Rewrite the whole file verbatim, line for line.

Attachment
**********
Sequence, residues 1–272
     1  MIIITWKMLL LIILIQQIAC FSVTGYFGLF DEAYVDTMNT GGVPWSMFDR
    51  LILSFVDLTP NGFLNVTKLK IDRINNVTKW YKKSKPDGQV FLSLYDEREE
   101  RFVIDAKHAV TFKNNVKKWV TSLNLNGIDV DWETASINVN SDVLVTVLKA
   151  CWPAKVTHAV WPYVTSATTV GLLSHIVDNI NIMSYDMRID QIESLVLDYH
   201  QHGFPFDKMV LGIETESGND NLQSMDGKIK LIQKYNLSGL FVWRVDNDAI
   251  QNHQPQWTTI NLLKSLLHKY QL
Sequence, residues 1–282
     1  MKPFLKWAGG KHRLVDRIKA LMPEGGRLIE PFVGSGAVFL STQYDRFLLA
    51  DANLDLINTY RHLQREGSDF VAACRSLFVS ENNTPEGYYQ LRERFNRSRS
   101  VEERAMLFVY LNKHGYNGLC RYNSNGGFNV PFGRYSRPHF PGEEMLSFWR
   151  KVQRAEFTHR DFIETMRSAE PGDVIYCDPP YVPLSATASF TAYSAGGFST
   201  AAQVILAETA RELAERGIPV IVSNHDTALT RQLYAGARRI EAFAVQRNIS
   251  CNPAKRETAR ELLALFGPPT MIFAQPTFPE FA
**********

Sequence, residues 1–272
     1  MIIITWKMLL LIILIQQIAC FSVTGYFGLF DEAYVDTMNT GGVPWSMFDR
    51  LILSFVDLTP NGFLNVTKLK IDRINNVTKW YKKSKPDGQV FLSLYDEREE
   101  RFVIDAKHAV TFKNNVKKWV TSLNLNGIDV DWETASINVN SDVLVTVLKA
   151  CWPAKVTHAV WPYVTSATTV GLLSHIVDNI NIMSYDMRID QIESLVLDYH
   201  QHGFPFDKMV LGIETESGND NLQSMDGKIK LIQKYNLSGL FVWRVDNDAI
   251  QNHQPQWTTI NLLKSLLHKY QL
Sequence, residues 1–282
     1  MKPFLKWAGG KHRLVDRIKA LMPEGGRLIE PFVGSGAVFL STQYDRFLLA
    51  DANLDLINTY RHLQREGSDF VAACRSLFVS ENNTPEGYYQ LRERFNRSRS
   101  VEERAMLFVY LNKHGYNGLC RYNSNGGFNV PFGRYSRPHF PGEEMLSFWR
   151  KVQRAEFTHR DFIETMRSAE PGDVIYCDPP YVPLSATASF TAYSAGGFST
   201  AAQVILAETA RELAERGIPV IVSNHDTALT RQLYAGARRI EAFAVQRNIS
   251  CNPAKRETAR ELLALFGPPT MIFAQPTFPE FA